Most of his furniture has been sold, along with a few prized pieces: a Rambert Ballet poster, a small chest of drawers, and a couple of antique lamps that are temporarily stored in Dave’s sister’s attic. “We brought very little with us: just a few small pieces of art, a bench, a stepladder and the children’s bunk beds,” says Hannah.

Canny storage features throughout. In Hannah and Dave’s bedroom, the bed has been raised to create space for deep storage boxes. These have been hidden behind a repurposed linen table runner. Raising the bed had the added benefit of bringing them closer to the view of the Oare swamps: “The sun comes up right behind those oak trees,” says Hannah.

In the children’s room, the space has been cleverly divided in two, with each child choosing a favorite color for their bunk bed. Built-in shelving, cork boards, hooks, and a stuffed hammock allow them to hold on tight enough to whatever they’re doing, and moss-green curtains enclose each bunk, giving them alone time when they need it.

The light-filled space of the living room, dining room and kitchen is in soft pastel tones that connect with the colors of the exterior. Again, Hannah has been clever with storage by raising the legs of the corner sofa to create space for toy boxes to slide in and out. There are also small concessions to luxury throughout: an engineered oak floor; William Morris wallpaper in the outhouse, a small wood-burning stove and a boiling water tap.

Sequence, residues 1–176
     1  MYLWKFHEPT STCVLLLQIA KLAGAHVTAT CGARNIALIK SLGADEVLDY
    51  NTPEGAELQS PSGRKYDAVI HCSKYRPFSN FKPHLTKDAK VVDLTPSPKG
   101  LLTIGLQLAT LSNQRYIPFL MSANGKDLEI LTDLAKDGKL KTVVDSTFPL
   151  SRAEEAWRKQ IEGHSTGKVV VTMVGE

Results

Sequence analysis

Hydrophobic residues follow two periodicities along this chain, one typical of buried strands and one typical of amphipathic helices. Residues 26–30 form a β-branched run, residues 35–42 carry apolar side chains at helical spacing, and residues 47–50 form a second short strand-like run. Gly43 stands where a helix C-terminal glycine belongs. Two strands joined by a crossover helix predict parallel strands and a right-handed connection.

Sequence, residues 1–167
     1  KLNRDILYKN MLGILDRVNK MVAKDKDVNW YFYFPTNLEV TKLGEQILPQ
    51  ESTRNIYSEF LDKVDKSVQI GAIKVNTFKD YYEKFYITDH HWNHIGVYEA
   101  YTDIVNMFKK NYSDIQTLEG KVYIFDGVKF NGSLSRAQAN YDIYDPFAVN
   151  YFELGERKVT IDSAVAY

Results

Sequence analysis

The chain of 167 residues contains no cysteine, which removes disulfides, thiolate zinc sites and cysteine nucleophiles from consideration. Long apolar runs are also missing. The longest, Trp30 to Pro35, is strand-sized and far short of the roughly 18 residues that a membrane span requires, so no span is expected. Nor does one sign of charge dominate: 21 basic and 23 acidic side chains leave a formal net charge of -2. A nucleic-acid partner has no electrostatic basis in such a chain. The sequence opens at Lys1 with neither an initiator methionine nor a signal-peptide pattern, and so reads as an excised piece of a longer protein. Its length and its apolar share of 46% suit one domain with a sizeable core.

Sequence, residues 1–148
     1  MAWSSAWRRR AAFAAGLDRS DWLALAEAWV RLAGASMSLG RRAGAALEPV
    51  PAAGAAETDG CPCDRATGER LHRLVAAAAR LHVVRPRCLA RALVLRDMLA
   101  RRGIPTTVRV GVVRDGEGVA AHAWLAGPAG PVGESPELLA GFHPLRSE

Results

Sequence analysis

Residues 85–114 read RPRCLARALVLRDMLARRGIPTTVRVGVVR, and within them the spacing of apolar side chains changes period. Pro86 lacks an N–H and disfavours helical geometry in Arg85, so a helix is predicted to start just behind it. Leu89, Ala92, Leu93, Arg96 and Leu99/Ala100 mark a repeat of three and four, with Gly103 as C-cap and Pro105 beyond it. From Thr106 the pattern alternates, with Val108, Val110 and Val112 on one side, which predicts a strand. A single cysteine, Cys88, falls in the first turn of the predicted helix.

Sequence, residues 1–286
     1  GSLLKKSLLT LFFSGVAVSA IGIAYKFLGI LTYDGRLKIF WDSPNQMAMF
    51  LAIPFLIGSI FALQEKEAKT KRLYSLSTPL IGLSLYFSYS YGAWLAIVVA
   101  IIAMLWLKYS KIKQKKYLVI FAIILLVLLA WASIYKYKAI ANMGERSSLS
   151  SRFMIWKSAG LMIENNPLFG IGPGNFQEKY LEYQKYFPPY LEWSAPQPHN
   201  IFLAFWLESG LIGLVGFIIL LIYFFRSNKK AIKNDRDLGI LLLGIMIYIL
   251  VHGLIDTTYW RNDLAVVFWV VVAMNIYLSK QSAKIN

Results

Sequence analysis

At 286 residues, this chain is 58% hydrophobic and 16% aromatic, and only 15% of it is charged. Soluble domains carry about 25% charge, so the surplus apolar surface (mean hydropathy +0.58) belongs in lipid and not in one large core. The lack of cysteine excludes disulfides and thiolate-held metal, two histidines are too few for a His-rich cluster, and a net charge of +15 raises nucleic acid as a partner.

The extension of the bathroom with shower and freestanding bathtub.
The bathroom extension has a freestanding luxury bathtub. Photograph: Michael Franke/The Guardian

“There’s enough separation and space between us that we never feel like we’re living on top of each other,” says Hannah. “But we can live in community: we grow vegetables and we garden together, we eat together a couple of times a week at her house or in the field. The children go to school together, so we share a nursery and school elevators. In summer there are many children running around the field that overlooks the sea and the swamp. It’s idyllic, really.”

On the outside, the flimsy outer shell has been heavily insulated and clad with wood so it no longer shifts when gusts of wind blow through the exposed estuary. The wood turns silver little by little and disappears into the landscape that surrounds them. “We feel so lucky to live here,” says Hannah, who is already looking forward to a summer of play dates under wide, pink skies.